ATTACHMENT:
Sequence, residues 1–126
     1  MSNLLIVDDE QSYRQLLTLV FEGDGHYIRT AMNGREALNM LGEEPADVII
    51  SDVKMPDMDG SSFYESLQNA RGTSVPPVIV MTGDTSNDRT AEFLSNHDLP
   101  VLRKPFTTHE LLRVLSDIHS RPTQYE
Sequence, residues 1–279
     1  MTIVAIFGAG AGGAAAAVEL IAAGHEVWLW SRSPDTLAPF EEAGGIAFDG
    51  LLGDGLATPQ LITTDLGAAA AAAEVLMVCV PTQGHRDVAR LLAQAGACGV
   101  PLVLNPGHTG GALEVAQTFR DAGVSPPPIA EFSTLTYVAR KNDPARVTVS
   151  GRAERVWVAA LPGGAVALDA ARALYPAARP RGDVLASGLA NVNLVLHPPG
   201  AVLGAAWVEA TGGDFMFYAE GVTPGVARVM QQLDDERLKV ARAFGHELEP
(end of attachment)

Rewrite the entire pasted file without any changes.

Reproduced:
Sequence, residues 1–126
     1  MSNLLIVDDE QSYRQLLTLV FEGDGHYIRT AMNGREALNM LGEEPADVII
    51  SDVKMPDMDG SSFYESLQNA RGTSVPPVIV MTGDTSNDRT AEFLSNHDLP
   101  VLRKPFTTHE LLRVLSDIHS RPTQYE
Sequence, residues 1–279
     1  MTIVAIFGAG AGGAAAAVEL IAAGHEVWLW SRSPDTLAPF EEAGGIAFDG
    51  LLGDGLATPQ LITTDLGAAA AAAEVLMVCV PTQGHRDVAR LLAQAGACGV
   101  PLVLNPGHTG GALEVAQTFR DAGVSPPPIA EFSTLTYVAR KNDPARVTVS
   151  GRAERVWVAA LPGGAVALDA ARALYPAARP RGDVLASGLA NVNLVLHPPG
   201  AVLGAAWVEA TGGDFMFYAE GVTPGVARVM QQLDDERLKV ARAFGHELEP